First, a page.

You kinda felt a kinship, so to speak, with the Delaware River when you were a kid?
Absolutely. Water in general. I will always live on or near the water.
When you were getting a little bit older, were you the kind of guy that was reading fishing magazines and Melville and stuff like that?
Yeah, I do all that geeky shit. I watch fishing programming on TV, I have 20 subscriptions to magazines, hang out in tackle shops; you know, I’m that guy.
Obviously a lot of The Mollusk is water-related; were you the driving force behind that theme?
It’s my favorite Ween record ever; I think it’s the best we’ve ever done. But it was a concept we’d had for over 10 years at that point—Aaron [Gene Ween] loves the ocean as much as I do. But a beach town in the off-season is one of the coolest, most magical things in the world. Everyone is gone. And the island where we [recorded The Mollusk] is my home turf. That’s where my parents had the house—Long Beach Island in New Jersey. And we were at the very, very south end of it, which is all preserved; it’s a nesting area for plovers. So we had always talked about like, “Man, the ultimate magical place to write and record would be down here in the wintertime.” It’s like being the last man on Earth. It’s like an outpost.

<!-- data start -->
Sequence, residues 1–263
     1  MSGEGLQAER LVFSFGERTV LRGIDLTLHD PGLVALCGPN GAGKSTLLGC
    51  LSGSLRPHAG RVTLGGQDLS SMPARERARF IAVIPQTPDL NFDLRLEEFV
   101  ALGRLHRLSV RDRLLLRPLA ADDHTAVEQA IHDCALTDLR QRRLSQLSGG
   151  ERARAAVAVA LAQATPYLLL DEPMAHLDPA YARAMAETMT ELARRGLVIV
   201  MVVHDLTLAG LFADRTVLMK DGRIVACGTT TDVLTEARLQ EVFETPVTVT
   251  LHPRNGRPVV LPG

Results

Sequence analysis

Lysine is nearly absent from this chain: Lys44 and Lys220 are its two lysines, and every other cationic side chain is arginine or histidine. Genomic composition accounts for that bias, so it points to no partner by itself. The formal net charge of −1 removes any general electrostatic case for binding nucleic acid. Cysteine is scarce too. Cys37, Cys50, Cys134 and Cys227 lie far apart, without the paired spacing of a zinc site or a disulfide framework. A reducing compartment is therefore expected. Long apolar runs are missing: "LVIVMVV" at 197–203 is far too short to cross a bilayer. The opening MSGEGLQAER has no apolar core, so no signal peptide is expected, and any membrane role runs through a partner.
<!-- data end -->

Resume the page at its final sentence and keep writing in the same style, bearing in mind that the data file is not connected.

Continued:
Then we did it and the environment affected us in a way that I could have never imagined. The music was just coming out of us, and I think it was an exact representation of where we were. It was a great soundtrack to being down there; big northeast winter storms at the end of an island. And it was probably the most productive writing I’ve ever been a part of in all the years in Ween. We were just churning out tunes everyday that were dark and oceanic. Not like a Beach Boys record.
There are some really cool pop moments, but you’re right, it’s pretty dark in a lot of places.
I think with Ween being musically all over the map, that was the most record of a record we ever made. It was the most cohesive thing we ever did. And the bulk of it happened in the first week or two. We wrote and recorded “Ocean Man,” “The Mollusk,” “Mutilated Lips,” “Buckingham Green,” “The Golden Eel,” all that stuff. And Aaron felt the same way, like “We’re really onto something.” We would live down there Monday through Friday, come home to our families on the weekends and go back down, and we would listen to the tapes on the way home and it was like, “Wow.” I couldn’t wait for it to come out. And I’m not very praising of our work [laughs], you know? Ultimately you were never confident about a record—but that one I really felt. Still to this day.